Scroll, swipe, like. Scroll, tweet, post.
The repetitive nature of social media can be relaxing for some, but for others, notably athletes, it can be an unwelcome distraction.
NBA commissioner Adam Silver is one of those that believes social media is doing more harm than good.
“I think we live a bit in the age of anxiety,” said Silver during the MIT Sloan Sports Analytics Conference in March.
“I think part of it is a direct product of social media. I think those players we’re talking about, what strikes me when I meet them, they’re truly unhappy. This is not some show they’re putting on … a lot of these young men are genuinely unhappy.”
Dr. Tiffany Jones, a mental performance consultant who has worked with championship teams across ice hockey, soccer and college basketball, says it speaks to a larger issue while in conversation with former NFL star and CNN anchor Coy Wire.
“They’re the most communicative generation of all time but they’re also now the loneliest athletes of all time because there’s a difference between communication and conversation,” says Jones. “Conversations are where relationships are formed.”
Kliff Kingsbury, the head coach of NFL side Arizona Cardinals, recently mandated “cell phone breaks” to browse social media during team meetings. It was created as a way to help those players who may lose focus during meetings itching to get back on their mobile device.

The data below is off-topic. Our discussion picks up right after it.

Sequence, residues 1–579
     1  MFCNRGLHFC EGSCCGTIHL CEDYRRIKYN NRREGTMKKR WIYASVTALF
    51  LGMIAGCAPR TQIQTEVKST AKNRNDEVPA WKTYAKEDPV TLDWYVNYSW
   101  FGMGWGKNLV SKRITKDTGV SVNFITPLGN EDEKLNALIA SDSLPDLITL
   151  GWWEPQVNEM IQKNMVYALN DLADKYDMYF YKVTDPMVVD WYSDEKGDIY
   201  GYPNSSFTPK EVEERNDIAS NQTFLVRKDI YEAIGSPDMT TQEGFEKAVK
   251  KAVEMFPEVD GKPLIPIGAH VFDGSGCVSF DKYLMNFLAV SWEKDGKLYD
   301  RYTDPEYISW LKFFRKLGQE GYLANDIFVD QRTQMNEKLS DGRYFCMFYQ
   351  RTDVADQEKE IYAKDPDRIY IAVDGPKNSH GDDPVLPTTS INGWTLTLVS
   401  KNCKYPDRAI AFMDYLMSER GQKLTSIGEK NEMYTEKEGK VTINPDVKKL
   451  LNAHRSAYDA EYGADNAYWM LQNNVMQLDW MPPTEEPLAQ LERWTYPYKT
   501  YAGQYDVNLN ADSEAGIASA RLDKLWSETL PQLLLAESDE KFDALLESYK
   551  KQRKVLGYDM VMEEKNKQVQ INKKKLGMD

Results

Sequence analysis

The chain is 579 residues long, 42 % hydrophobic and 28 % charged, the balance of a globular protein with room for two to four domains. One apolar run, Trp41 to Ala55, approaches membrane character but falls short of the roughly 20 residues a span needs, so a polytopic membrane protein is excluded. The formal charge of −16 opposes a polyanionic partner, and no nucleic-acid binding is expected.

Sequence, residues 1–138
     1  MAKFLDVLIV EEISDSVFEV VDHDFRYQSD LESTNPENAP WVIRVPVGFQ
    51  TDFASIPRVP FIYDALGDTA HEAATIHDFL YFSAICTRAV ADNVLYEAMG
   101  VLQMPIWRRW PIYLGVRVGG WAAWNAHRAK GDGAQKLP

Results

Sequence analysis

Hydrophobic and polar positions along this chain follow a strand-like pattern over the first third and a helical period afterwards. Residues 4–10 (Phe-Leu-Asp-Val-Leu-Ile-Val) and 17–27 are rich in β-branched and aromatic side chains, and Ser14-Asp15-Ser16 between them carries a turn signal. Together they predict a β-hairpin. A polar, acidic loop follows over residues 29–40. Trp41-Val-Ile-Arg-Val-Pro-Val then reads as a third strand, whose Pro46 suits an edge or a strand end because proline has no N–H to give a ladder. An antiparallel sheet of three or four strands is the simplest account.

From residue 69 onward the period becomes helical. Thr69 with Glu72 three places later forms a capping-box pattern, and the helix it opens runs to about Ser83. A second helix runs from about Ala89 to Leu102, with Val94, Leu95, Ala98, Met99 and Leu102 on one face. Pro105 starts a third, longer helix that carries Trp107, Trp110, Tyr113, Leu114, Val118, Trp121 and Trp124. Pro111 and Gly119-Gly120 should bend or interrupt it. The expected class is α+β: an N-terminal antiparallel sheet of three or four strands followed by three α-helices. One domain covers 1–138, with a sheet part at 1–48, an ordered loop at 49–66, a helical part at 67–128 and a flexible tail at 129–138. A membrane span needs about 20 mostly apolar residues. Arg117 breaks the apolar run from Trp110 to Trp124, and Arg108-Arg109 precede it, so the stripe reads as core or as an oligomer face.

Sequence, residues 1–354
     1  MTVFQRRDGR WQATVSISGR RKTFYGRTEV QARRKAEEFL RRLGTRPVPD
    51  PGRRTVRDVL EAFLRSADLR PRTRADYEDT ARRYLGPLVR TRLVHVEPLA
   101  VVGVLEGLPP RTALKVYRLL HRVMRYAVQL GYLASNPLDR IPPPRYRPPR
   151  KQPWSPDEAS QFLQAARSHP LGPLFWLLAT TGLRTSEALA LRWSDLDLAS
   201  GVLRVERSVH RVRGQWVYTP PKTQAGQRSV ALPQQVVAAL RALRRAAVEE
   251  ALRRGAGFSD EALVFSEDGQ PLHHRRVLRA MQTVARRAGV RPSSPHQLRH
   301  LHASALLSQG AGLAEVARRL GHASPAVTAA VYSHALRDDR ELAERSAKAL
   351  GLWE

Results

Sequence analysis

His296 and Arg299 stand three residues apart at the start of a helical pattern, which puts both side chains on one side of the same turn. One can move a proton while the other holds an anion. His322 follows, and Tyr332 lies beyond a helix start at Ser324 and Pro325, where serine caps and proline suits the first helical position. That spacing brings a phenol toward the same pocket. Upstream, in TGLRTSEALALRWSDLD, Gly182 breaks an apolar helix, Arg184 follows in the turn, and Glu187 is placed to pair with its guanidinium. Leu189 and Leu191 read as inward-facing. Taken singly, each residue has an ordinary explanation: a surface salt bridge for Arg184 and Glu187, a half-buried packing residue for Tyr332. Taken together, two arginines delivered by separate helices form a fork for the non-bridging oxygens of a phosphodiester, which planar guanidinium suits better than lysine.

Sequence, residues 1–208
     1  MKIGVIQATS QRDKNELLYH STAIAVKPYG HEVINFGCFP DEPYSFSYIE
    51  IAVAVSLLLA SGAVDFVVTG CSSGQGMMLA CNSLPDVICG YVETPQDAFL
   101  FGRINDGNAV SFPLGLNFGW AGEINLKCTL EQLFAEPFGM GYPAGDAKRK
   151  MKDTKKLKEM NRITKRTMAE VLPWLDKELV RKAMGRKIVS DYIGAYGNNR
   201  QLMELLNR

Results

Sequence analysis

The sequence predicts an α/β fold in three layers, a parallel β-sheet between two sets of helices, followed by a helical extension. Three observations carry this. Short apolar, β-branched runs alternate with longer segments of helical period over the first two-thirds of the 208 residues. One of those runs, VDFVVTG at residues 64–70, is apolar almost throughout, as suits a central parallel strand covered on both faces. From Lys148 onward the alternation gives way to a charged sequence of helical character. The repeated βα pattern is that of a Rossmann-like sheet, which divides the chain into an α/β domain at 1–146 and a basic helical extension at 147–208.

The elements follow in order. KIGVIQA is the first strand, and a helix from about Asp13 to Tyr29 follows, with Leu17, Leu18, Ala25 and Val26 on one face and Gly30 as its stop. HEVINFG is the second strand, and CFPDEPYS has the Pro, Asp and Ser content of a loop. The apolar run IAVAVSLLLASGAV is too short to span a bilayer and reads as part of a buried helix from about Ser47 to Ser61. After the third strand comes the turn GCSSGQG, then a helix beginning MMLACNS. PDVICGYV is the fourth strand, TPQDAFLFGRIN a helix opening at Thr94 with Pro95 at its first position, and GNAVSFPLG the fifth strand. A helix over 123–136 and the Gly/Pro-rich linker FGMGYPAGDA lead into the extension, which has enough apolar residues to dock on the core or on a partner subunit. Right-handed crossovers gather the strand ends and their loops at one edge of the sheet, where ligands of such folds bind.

Jones, however, doesn’t think this is the proper solution for elite athletes.
“They love their cell phones, fine, but not after 20 minutes of a meeting because that’s not going to match what they have to do when they go out in the field,” she says.
“They’re not going to be able to take 20-minute breaks when they’re playing football or when they’re on the basketball court, they’re going to learn have to learn how to focus. And it’s an addiction, and with any kind of addiction we got to wean them off a little bit.”
And she would know. In her role with the United States under-20 women’s football team in 2008 which featured star forward Alex Morgan, Jones worked with the head coach, the late Tony DiCicco, on a way to limit cell phone usage.
“We collected cell phones at 7 o’clock night every night because we were finding that [players] were not connecting and all of a sudden they started to break through the uncomfortable.”
Jones considers the “uncomfortable” the moment when real, vulnerable, personal breakthroughs can happen.
“I can now hold you accountable because I trust you and I trust your heart and I know when you’re telling me something it’s to get the best out of me,” says Jones.
“These are all the great things that happen when you put down the cell phone.”
Watch the video at the top of the page to see more about this side of social media.